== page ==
PepsiCo Inc.’s ($PEP) moves this week mask a harder truth for the soft-drink industry: Soda sales are down no matter how you sweeten it.
Pepsi said Monday it’s bringing back Diet Pepsi with aspartame. That came after the company replaced the drink with a sucralose version last August. In all, the company will be selling three Pepsi-branded diet drinks — one sweetened with sucralose, two with aspartame.
The U.S. Food and Drug Administration and the European Food Safety Authority say aspartame is safe, and the American Cancer Society says worries about an increased cancer risk are unfounded. Nonetheless, rumors persist, and the consumer push for natural ingredients doesn’t help.
At the same time, sucralose simply didn’t taste good to many Diet Pepsi drinkers.
The churn was unavoidably reminiscent of Coca Cola Co.’s ($KO) 1980s flirtation with a new recipe , but with an important difference. It almost didn’t matter what Pepsi did with the formulations of its sugar-free products. Per-person soda consumption in the U.S. fell to a 30-year low last year, according to Beverage Digest. And the 2016 numbers don’t look any better.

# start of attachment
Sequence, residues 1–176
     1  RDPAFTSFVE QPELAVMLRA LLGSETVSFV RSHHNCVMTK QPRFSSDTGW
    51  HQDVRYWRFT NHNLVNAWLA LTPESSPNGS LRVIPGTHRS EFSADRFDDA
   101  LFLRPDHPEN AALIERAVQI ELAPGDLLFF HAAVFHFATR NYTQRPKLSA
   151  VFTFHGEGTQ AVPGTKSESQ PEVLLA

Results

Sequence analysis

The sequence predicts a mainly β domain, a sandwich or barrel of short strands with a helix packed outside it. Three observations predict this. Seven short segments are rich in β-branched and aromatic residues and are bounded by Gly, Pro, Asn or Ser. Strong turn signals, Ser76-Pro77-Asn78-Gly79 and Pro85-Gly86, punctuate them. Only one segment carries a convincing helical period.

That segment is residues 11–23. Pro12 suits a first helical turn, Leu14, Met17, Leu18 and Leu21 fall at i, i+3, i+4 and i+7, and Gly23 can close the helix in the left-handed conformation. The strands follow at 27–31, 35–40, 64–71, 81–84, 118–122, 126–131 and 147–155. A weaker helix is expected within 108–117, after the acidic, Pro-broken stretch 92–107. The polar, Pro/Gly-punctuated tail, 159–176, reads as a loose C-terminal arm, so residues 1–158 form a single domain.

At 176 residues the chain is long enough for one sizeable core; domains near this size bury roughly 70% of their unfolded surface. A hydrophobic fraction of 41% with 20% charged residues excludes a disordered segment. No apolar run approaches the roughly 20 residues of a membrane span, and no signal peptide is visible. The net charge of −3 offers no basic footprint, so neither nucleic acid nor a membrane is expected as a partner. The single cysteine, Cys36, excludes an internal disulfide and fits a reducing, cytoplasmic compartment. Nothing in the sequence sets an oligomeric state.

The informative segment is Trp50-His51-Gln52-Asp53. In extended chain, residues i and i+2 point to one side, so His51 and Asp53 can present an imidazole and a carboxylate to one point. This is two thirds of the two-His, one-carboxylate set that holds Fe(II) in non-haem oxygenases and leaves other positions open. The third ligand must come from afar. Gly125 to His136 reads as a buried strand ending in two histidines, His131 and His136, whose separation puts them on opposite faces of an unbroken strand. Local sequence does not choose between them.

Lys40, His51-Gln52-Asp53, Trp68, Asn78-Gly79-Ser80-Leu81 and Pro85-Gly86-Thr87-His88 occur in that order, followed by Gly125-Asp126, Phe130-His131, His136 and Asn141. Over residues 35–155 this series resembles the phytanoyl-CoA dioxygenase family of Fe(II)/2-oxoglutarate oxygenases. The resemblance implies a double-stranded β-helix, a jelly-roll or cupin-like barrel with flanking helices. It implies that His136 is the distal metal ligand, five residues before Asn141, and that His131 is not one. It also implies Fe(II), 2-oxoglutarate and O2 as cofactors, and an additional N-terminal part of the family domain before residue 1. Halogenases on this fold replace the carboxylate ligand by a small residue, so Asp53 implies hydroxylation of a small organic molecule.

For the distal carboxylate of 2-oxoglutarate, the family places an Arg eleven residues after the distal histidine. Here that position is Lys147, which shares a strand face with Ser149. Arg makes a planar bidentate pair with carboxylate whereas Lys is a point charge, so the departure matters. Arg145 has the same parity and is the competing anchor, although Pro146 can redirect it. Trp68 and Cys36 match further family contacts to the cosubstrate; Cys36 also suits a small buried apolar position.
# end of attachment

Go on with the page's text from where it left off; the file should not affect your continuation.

“Everybody should’ve learned from the Coke Classic fiasco that if you make a change in your product formulation, you mustn’t tell anybody about it,” said Marion Nestle, a New York University nutrition professor and author of “Soda Politics: Taking on Big Soda (and Winning).”
Diet Pepsi’s sales volume fell 5.8 percent in 2015 and dropped roughly 11 percent at retail during the first quarter of 2016, according to data from Beverage Digest, which first reported the product changes. Sales of Diet Coke, which is sweetened with aspartame, fell 5.6 percent in 2015 and 5.7 percent at retail in the first quarter of 2016.
“The non-aspartame version was essentially a disaster for Diet Pepsi,” said Ali Dibadj, an analyst at Sanford C. Bernstein & Co. “They lost share, lost volume and may have lost some consumers for good. The return of aspartame is an attempt at getting back in the saddle in diets, but that will be tough to do.”
Sucralose-sweetened Diet Pepsi will remain the Purchase, New York-based company’s “primary diet cola offering.” It will be sold alongside aspartame-sweetened Diet Pepsi Classic Sweetener Blend, PepsiCo said Monday. And Pepsi Max — the No. 2 soft-drink maker’s answer to No. 1 Coca-Cola’s Coke Zero — will be called Pepsi Zero Sugar in the U.S. It also contains aspartame.
Pepsi and Coke are stuck between irreconcilable health concerns. With obesity such a big problem in the U.S., people are rejecting sugar-laden sodas. But the trend toward health doesn’t include diet drinks because pop consumers want natural products, not artificial sweeteners. And nature’s perfect zero-calorie sugar substitute — free of any unpleasant aftertaste — has yet to be invented.
Given the choice, however, Freedhoff said he would check “none of the above.”
“How much more awesome would it be if we could just avoid sweeteners and be healthy?” Freedhoff said. “That would be terrific.”
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